that has safflower or sunflower kernals in. The hanging type birds love them and the hummingbirds when they show up in spring
check them out and see the necter feeders
EDIT i had to quit useing the mesh bags they did attract lots of birds and the problem was the magpies and starlings learned
to fly up and hang on long enough to tear a hole in the bags and drain the bags on the ground and them carry off or eat everything,

#14 sdugger5

sdugger5

    Newbie

  • Members
  • Pip
  • 1 posts

Posted 09 May 2012 - 02:26 PM

Karen

I also live in Omaha and have never seen a hummingbird, but would love to draw them to my yard. Did you have any luck the past couple of seasons?

Thanks,
Steve - Omaha, NE

#15 fisherman1313

fisherman1313

    I support the US Olympic Birding Team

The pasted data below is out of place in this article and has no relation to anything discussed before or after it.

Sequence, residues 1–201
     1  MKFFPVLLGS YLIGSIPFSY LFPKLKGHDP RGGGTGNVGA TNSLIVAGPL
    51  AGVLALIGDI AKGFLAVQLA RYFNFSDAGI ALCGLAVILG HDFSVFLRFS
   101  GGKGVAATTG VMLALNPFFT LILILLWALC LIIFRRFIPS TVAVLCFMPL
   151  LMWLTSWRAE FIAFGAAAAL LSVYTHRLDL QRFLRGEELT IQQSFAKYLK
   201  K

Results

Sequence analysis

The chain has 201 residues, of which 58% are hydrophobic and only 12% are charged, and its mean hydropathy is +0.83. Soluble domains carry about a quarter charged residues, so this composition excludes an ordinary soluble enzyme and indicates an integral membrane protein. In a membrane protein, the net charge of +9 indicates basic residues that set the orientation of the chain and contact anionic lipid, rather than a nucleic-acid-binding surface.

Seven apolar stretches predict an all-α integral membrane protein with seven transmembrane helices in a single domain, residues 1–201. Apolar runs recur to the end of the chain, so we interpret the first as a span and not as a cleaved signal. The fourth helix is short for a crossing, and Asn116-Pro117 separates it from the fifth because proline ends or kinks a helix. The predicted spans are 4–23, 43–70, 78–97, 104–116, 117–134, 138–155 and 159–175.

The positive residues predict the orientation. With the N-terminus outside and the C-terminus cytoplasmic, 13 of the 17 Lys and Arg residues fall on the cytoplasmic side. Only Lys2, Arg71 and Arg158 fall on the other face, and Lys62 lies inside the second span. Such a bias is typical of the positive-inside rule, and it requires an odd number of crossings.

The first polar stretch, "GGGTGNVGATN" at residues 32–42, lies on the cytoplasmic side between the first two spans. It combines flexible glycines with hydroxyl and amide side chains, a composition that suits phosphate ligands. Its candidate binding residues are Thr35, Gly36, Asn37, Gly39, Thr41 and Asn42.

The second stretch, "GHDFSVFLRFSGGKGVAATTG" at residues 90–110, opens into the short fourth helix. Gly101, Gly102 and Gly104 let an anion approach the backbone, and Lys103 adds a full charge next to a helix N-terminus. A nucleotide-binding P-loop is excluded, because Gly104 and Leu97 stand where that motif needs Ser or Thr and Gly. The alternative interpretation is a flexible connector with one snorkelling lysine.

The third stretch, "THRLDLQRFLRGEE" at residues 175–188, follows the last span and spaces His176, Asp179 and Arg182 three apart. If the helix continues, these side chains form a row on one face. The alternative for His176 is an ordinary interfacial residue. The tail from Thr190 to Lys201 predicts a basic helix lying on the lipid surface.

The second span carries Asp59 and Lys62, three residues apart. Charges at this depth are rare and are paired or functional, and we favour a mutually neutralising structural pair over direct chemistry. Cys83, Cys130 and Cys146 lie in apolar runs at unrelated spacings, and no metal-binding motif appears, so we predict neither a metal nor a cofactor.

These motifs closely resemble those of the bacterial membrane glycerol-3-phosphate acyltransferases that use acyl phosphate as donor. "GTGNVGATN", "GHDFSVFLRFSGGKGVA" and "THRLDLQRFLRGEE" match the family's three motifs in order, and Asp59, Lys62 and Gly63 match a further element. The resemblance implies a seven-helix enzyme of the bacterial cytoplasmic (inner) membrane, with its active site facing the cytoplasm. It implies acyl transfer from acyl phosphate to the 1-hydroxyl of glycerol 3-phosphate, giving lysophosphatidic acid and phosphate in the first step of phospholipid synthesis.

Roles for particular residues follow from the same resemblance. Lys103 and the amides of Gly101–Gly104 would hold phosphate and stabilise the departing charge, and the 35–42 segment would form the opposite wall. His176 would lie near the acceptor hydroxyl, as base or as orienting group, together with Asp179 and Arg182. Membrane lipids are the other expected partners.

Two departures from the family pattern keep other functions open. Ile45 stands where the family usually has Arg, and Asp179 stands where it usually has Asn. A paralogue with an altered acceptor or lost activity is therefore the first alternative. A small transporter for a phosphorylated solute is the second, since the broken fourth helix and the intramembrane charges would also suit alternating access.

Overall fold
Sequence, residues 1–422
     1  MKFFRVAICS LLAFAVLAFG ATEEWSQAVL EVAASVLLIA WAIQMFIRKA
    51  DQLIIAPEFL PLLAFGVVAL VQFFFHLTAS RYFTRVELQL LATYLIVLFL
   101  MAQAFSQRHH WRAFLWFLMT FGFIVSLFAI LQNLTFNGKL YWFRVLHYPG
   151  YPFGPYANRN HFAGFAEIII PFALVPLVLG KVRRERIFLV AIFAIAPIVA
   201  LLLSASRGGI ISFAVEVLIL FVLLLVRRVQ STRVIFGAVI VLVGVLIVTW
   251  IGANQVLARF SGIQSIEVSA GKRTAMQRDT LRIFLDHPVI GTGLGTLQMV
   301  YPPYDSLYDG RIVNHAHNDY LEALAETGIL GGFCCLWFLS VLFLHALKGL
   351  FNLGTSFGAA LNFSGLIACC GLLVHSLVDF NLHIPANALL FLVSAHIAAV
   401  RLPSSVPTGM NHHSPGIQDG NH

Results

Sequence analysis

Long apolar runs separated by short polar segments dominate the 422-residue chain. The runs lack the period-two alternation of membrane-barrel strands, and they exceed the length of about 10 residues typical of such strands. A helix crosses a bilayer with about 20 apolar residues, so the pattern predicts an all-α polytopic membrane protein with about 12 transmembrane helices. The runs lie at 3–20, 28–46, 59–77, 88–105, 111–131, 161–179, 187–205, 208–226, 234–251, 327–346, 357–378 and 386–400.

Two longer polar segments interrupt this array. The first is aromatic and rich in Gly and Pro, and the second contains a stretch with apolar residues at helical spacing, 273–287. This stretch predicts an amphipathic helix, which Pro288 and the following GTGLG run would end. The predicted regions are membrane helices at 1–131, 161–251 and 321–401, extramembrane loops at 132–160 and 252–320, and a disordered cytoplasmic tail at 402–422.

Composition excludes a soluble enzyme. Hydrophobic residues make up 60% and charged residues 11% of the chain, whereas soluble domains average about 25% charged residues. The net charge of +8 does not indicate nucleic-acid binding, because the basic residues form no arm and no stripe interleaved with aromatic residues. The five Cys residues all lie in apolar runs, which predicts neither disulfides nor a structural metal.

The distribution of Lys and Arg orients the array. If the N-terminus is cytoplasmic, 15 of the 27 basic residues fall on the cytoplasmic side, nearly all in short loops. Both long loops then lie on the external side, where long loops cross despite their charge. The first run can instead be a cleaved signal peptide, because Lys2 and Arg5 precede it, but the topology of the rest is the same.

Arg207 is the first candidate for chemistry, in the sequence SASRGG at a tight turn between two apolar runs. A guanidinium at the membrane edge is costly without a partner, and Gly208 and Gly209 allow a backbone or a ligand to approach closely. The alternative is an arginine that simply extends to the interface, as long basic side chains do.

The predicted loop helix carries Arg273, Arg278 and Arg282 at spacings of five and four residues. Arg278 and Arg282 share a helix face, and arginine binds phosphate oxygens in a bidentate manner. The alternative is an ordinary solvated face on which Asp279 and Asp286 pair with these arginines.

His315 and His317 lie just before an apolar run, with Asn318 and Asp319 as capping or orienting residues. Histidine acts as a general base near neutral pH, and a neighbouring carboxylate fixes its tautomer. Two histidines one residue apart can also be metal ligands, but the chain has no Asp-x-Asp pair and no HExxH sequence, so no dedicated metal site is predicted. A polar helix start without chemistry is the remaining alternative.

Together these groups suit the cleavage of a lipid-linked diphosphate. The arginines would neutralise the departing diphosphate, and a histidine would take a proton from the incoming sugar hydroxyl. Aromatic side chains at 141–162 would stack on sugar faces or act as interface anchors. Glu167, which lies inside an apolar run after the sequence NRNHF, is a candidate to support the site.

• New Members
  • PipPipPip
  • 3,339 posts
  • LocationRiverbank, CA

Posted 10 May 2012 - 06:32 PM

There are several books on the subject of attracting hummers. Check your local library, they should have a couple.

The sludge caught in the mind's filter, the stuff that refuses to go through, frequently becomes each person's private obsession. In civilized society we have an unspoken agreement to call our obsessions "hobbies". - Stephen King

 

All Yellow Warblers are yellow warblers, but not all yellow warblers are Yellow Warblers. - Me

 

My Year List

Spoiler

 

Latest Lifer(s):

Northern Pygmy Owl (FINALLY!): Del Puerto Canyon, Stanislaus County, CA, 3/24/14

Swamp Sparrow: Merced NWR, Merced County, CA, 3/11/14

Little Gull: Modseto Secondary Wastewater Treatment Plant, Modesto, CA, 2/9/14

Ruff; Ceres Sewage Ponds, Ceres, CA, 1/28/14

 

Favorite Recent Birds (non-lifers):

Western Screech-Owl: Enslen Park, Modesto, CA, 4/16/14, 7/2/14, 7/6/14

Bald Eagle, Costa's Hummingbird, Willow Flycatcher: Del Puerto Canyon, Stanislaus County, CA, 5/24/14

Gray Flycatcher: McHenry Recreation Area, Escalon, CA, 5/13/14

Black Tern: Modesto Secondary Wastewater Treatment Plant, Modesto, CA, 5/11/14